Talmud Tips

For the week ending 18 June 2022 / 19 Sivan 5782

Yevamot 79 - 85

by Rabbi Moshe Newman
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Our Family’s Nature

King David said, “There are three characteristics that distinguish the Jewish People: they are merciful, bashful (i.e. ashamed of sin), and do many great acts of kindness.”

When the Givonites came to King David to join the Jewish People, they demanded the execution of King Shaul’s seven sons for causing them great suffering. King David outright refused to hear their claim. He considered them as being lacking in mercy and therefore not fit to become part of the Jewish nation. As he explained, “Only one who has these three essential Jewish characteristics (mercy, shame and kindness) is fit to be attached to our people.”

There are two schools of thought in considering the perpetuation of these three essential and defining traits in the history and eternal identification of the Jewish nation.

One way of understanding the origin of these traits is taught by the Maharal of Prague. He writes that each of these traits was mastered and personified by one of our Forefathers, and subsequently passed down as an inheritance to each member of the Jewish People throughout history. Avraham Avinu embodied and exemplified the trait of chesed — loving-kindness. He is the father of every Jew in both a physical and spiritual sense. In a similar way, Yitzchak Avinu personified the trait of awe of Hashem and fear of Hashem, which translates into a sense of shame and guilt felt when transgressing the will of Hashem. Yaakov Avinu’s outstanding quality was that of rachamim — mercy. According to the Maharal, the three nation-defining characteristics are to be seen as an inheritance from Avraham, Yitzchak and Yaakov, and, so to speak, are all part of “Jewish DNA.”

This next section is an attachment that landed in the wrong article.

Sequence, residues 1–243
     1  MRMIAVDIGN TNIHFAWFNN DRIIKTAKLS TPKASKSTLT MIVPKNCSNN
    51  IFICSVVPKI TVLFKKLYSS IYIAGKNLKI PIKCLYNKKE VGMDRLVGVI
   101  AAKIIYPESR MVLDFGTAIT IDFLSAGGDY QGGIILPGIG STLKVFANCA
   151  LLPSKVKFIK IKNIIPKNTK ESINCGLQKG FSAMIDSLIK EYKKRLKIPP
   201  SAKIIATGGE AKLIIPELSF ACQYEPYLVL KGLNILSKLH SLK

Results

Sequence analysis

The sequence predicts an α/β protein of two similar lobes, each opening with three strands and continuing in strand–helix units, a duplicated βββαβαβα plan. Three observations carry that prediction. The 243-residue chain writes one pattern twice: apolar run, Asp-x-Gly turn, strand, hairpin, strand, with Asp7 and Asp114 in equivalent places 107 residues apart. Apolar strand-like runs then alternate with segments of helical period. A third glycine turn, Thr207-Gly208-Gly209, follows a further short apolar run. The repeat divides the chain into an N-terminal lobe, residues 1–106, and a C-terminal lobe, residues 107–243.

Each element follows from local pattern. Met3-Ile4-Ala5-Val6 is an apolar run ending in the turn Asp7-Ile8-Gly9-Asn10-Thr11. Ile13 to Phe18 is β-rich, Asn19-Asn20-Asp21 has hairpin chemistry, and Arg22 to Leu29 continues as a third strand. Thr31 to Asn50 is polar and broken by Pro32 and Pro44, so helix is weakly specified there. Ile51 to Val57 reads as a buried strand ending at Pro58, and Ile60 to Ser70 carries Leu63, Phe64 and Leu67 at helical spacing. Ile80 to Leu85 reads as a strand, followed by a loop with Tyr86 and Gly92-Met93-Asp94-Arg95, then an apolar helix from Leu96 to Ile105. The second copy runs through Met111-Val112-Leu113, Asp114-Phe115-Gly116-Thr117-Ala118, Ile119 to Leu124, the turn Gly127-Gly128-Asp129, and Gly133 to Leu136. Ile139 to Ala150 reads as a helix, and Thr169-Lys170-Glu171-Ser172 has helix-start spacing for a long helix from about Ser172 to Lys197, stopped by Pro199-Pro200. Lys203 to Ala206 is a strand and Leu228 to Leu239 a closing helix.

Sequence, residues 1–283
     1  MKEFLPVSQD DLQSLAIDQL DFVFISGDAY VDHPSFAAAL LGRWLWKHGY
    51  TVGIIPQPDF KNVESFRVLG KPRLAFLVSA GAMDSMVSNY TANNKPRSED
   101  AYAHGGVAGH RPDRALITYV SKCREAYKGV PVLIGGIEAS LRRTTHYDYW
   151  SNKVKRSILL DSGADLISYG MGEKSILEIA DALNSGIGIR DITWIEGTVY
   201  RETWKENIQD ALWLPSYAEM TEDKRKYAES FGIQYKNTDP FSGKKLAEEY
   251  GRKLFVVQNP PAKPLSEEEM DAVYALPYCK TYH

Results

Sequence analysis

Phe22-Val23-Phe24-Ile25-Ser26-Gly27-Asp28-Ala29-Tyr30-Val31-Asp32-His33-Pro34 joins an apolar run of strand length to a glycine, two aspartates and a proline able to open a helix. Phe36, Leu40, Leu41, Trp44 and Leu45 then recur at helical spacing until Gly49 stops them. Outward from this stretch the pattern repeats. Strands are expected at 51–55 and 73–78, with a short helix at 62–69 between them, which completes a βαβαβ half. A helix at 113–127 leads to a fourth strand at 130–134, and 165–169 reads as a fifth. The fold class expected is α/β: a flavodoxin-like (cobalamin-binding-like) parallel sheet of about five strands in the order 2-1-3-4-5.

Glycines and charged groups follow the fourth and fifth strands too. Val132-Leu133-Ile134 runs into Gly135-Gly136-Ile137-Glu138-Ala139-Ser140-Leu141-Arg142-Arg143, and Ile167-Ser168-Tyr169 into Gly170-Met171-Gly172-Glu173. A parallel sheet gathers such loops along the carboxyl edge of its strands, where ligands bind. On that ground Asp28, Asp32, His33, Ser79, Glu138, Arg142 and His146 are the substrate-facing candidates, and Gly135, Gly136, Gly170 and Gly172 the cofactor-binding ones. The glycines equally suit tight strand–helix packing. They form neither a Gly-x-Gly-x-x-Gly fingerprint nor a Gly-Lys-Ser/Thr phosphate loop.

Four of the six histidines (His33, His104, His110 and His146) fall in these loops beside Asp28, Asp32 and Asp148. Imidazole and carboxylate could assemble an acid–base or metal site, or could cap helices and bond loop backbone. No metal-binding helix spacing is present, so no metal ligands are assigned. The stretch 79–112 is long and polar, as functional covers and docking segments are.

However, the Maharsha offers a different explanation for the presence of these traits in the Jewish nation. While it is true that Hashem testified that the Avraham Avinu would pass on to his posterity a legacy of chesed, the other two attributes were special gifts from Hashem to the Jewish nation. We see this in two verses in the Torah. “He will endow you with a capacity for being merciful” teaches that the quality of rachamim is a special gift from Hashem. (Devarim 13:18) Likewise, the quality of bushah and being in awe of Hashem was a unique gift from above that was given to the Jewish people with the giving of the Torah at Mount Sinai. (Shemot 20:17)

In any event — whether a particular characteristic is an inheritance of a gift — each person has the choice and free will whether or not to accept and fully apply each of these essential qualities in daily life.

  • Yevamot 79a

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